Cancer Does Not Exist

Posted on 27 January 2015 by admin

Staff Writer Sara Ponder explores the misconception that depression is not real




Staff Writer

“There is no such thing as cancer. The doctors just made that up so they could steal your money.”

“You cannot have cancer; there is nothing in your life that would have given it to you.”

“I know it’s hard, but you just have to buck up and push through your cancer.”

“Well, I had cancer. It was worse than yours and I just willed it away. If you just tell yourself that you are fine, you will be.”

These are all things that people have told me, with one tweak. I do not have cancer. I have depression.

The first comment is something that was only said to me on one occasion, but the implication that depression somehow is not real is common.

The second and third remarks are the most frequent. The last statement is by far the most offensive.

Mental illness is medical. Treatment means visiting a doctor, if not several. People could possibly be taking medication, and some might undergo out-patient treatment.

A number of people go to the hospital. It definitely does exist and science has been definitive on that score.

People have their own cup of water. The tipping point to develop a mental illness is when that cup runs over.

Having more water already in their glass genetically predisposes them to having a mental illness. Some people have barely any water and others have a glass nearly overrunning.

Experiences in life pour water into the glass beyond a person’s control. However, individuals can slowly remove water by taking care of themselves to prevent it from overflowing.

For those who already have water close to the brim, additional water might overflow their glass before they can remove it.

If mental illness was the sort of thing that could simply be pushed through, it would not be an issue. I do appreciate these comments – at least acknowledge that having a mental illness is hard.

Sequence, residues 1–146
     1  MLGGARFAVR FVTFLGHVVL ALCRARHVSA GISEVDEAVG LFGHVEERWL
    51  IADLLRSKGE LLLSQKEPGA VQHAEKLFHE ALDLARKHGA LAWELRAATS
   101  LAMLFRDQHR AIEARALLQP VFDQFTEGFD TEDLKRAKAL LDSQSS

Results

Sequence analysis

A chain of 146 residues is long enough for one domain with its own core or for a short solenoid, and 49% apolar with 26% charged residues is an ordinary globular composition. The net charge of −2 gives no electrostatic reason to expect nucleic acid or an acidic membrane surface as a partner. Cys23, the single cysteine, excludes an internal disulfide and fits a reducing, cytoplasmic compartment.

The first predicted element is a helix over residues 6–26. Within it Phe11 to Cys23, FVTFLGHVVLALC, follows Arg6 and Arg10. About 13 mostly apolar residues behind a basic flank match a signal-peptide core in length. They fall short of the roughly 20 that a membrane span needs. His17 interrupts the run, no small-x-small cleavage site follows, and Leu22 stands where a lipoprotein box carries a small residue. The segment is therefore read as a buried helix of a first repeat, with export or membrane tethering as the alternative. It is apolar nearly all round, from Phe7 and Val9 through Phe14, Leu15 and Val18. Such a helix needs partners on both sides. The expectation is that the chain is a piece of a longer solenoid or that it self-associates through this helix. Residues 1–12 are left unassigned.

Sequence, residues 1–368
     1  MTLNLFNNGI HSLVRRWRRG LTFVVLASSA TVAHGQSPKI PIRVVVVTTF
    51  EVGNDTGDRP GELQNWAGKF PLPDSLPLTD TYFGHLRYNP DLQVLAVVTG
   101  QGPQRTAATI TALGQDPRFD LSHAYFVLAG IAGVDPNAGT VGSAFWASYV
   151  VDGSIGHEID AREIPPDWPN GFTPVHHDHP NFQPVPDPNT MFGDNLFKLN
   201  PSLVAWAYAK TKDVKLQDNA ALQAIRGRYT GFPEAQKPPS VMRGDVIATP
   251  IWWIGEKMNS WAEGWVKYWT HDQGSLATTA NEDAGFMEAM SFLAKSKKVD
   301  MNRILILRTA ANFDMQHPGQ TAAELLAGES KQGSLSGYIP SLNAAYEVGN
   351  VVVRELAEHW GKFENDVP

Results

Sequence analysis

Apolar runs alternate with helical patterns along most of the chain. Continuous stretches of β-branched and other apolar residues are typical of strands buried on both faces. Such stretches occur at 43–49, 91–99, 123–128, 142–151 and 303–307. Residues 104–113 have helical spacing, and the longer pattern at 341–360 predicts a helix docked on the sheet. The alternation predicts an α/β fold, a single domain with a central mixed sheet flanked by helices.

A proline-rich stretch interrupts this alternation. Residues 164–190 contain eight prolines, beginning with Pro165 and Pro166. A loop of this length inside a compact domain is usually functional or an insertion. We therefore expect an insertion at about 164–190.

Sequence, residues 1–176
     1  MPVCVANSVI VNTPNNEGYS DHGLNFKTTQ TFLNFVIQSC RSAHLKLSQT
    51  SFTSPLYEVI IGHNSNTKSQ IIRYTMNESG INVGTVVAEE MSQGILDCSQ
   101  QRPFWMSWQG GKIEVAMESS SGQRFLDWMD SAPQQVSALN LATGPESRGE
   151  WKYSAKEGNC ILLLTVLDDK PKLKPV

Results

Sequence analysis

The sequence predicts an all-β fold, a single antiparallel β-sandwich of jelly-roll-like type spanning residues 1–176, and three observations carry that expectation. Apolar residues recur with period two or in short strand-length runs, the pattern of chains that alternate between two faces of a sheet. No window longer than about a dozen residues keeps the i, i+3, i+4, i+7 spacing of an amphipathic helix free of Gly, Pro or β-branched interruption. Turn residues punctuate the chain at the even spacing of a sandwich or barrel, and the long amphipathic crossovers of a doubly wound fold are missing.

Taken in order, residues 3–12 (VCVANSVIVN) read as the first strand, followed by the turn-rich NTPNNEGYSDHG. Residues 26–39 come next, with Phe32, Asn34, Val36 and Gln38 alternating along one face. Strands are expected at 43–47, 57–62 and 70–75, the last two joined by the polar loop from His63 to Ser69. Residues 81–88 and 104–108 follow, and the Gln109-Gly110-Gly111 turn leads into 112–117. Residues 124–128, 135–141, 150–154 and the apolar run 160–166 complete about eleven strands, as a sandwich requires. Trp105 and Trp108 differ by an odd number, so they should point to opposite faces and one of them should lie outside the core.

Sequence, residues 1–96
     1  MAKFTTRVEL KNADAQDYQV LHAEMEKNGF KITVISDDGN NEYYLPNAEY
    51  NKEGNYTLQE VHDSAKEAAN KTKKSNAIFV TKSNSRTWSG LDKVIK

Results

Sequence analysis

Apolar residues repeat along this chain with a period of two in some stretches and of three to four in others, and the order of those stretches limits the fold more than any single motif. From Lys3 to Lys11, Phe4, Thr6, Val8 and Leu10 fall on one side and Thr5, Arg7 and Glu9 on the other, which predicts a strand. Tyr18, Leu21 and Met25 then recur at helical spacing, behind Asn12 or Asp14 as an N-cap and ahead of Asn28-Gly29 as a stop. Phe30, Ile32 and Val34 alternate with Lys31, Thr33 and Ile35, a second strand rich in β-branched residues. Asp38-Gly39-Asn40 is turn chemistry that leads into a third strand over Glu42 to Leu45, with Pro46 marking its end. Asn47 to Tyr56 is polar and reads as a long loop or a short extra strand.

Most people truly mean it as advice and I still do not have a response for them. It’s like saying, “I know both of your femurs are broken, but I really need you to go get some groceries for me.” Beyond “I cannot,” how do you respond?

One person’s mental illness is not anymore legitimate than another’s.

Just because someone else has two broken legs, it does not mean my one broken leg does not hurt. Someone can also be depressed without having clinical depression.

Feeling depressed is a temporary, painful emotion, perhaps felt after the death of a loved one. Clinical depression is when those feelings persist to the point that a person no longer functions in daily life.

These comments all come from my experience with depression, but I imagine most people with a mental illness have gotten some variant of them. Or worse yet, they have just been told they are crazy.

I personally welcome questions about my depression. It’s to their credit when people without a mental illness are brave enough to ask questions and are even more thoughtful down the road to someone else with a mental illness.

For people who are curious, ask “What does that mean on a daily basis, if that is not too personal?” Or “You do not have to tell me, but how do you treat depression?” And “How do you manage schoolwork?”

All of these are appropriate questions. If you do not have any questions to ask simply say “Oh, that sucks,” and move on with the conversation.


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